Don't You Hate Stock Pics? We Do. So here Is A Shot We Took Of The Panasonic-Tesla Both At The Tokyo Motor Show This Year - That Is In No Way Related To This Article

Don't You Hate Stock Pics? We Do. So here Is A Shot We Took Of The Panasonic-Tesla Both At The Tokyo Motor Show This Year - That Is In No Way Related To This Article

Unlike Nissan with the LEAF, Tesla is not free to just go out and sell 1,000 electric vehicles in a month (as Nissan almost did in December) in Georgia - they can only sell about 12 in any given month on average.

Tesla's

Tesla's "No Franchised Dealership" Model Works Well In Places Like Toronto (pictured above), But Not So Well In Atlanta Thanks To Selling Caps

Due to state laws, and Tesla's determination to not follow the classic franchised dealership model, the company can only sell up to 150 Model S sedans in per year - as they operate under a special "zero emission" exemption that allows them to sell only a limited amount of cars directly to the public.

Now a Tesla-backed proposal introduced February 6th by Republican House Reps. Chuck Martin, Earl Ehrhart and Buzz Brockway, would see that number increased 10-fold, up to 1,500 per year; or 125 per month if you will.

And still while not the most ideal situation for Tesla long-term, it would allow them to avoid "the dance" the company is currently doing to move product in Georgia - as reports have the company having sold more than 500 out of Atlanta alone in just the last year.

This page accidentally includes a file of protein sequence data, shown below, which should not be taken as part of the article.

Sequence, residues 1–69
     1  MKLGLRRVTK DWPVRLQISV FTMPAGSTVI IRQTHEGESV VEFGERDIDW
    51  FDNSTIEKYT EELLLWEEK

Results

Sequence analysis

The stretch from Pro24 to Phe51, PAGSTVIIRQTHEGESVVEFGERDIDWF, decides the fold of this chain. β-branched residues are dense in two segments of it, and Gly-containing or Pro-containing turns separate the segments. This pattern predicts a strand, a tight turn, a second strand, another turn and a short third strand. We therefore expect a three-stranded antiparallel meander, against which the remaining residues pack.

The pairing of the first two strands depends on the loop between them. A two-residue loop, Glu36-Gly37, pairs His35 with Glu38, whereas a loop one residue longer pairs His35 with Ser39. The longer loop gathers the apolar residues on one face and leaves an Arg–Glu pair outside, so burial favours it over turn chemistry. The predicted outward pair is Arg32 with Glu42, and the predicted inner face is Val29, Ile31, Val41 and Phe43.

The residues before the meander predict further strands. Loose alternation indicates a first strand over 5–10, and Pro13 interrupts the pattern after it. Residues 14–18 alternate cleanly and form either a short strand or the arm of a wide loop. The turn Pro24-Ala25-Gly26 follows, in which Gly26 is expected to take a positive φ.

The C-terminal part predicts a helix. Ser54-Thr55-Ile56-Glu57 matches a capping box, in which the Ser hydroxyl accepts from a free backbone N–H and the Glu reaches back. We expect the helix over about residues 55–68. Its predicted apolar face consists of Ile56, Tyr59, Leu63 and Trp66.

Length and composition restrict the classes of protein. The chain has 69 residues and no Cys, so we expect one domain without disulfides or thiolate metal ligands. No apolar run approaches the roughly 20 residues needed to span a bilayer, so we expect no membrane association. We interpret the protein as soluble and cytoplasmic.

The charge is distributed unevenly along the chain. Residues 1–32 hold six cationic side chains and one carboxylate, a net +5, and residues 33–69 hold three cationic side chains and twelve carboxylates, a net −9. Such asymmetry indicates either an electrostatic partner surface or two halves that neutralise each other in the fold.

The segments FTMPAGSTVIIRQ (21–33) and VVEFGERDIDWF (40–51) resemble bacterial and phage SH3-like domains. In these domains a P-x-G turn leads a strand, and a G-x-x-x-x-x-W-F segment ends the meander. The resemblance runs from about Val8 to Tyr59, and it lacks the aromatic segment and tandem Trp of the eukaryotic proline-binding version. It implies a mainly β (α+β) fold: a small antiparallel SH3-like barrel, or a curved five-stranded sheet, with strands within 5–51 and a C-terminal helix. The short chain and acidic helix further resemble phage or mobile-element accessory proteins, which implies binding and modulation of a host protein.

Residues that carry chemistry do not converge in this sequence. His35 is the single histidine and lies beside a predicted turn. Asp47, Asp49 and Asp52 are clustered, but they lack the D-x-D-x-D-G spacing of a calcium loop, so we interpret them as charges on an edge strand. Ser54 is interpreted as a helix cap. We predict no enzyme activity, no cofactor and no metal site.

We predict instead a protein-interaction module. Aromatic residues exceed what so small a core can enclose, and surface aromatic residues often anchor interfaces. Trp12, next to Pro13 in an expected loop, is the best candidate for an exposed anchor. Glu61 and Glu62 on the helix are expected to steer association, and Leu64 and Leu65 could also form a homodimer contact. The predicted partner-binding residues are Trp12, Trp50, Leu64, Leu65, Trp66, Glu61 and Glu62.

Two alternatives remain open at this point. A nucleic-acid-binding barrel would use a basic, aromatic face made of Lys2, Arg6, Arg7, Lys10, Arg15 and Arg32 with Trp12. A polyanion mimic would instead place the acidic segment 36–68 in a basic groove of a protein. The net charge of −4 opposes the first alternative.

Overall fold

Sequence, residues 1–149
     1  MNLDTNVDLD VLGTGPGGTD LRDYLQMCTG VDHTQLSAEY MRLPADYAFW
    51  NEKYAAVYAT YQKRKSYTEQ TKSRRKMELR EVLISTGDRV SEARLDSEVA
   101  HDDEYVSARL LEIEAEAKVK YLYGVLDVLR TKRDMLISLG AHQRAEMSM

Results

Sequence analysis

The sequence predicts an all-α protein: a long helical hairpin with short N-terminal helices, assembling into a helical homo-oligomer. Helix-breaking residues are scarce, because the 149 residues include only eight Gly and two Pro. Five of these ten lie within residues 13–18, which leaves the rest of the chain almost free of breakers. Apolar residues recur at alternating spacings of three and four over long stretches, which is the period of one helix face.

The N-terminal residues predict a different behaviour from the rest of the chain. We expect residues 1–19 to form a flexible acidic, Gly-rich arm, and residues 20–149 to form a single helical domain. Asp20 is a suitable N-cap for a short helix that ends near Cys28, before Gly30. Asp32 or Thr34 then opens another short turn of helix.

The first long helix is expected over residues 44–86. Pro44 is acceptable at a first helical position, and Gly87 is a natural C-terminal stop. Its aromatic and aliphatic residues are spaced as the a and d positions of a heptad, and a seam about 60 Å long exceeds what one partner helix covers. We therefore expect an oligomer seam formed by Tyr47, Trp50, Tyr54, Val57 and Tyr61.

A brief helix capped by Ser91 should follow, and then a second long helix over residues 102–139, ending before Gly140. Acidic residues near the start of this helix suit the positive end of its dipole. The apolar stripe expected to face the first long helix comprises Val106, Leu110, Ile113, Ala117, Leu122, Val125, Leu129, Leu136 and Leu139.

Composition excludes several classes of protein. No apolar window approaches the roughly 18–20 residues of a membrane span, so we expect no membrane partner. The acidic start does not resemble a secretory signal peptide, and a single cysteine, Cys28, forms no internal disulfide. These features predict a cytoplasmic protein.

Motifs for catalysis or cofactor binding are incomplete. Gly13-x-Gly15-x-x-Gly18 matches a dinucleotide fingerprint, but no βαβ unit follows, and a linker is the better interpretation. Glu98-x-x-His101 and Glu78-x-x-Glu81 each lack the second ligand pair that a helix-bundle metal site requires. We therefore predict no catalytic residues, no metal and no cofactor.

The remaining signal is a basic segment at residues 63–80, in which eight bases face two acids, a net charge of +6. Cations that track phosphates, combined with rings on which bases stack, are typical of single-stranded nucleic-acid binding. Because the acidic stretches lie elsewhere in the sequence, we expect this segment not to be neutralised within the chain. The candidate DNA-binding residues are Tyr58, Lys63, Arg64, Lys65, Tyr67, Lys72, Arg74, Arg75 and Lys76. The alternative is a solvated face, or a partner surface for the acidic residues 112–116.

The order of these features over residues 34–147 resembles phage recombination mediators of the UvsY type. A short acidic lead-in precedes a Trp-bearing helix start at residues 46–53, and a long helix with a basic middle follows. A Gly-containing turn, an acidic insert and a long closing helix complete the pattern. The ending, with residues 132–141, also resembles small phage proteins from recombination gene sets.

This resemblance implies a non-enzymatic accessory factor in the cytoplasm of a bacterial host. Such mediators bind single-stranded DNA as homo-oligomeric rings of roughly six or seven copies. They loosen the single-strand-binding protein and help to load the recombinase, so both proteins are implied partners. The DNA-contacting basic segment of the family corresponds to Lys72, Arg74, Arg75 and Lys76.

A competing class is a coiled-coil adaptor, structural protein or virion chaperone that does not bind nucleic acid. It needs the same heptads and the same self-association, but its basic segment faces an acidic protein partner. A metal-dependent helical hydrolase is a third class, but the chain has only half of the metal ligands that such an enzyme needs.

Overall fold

According to the Atlanta Business Chronicle, Georgia customers can check out the Model S at a Tesla boutique, then are directed to the Tesla website to learn more; and to ultimately place their order online.

Oh No, Stock Footage Of Atlanta Did Find Its Way Into The Article!

Oh No, Stock Footage Of Atlanta Did Find Its Way Into The Article!

At that point the car is both manufactured AND delivered in California before arriving later in Georgia.  At this point the customer is then required to self-register the Model S with the Georgia Department of Motor Vehicles.

Clearly this is a hoop Tesla doesn't want to have clients be forced to jump through, and this relief on the legislation would go a long way to achieving that end- at least in the short term.

Naturally, we expect the Georgia Automotive Dealers Association to be none-too-pleased with this bill.

Thanks to a generous additional incentive of up to $5,000 by the state, which can be combined with the $7,500 credit offered nationally by the Feds, Georgia now ranks as the 4th more receptive state to electric vehicles according to a recent study by Edmunds - approximately 1 out of every 90 new vehicles sold in the state plugs in.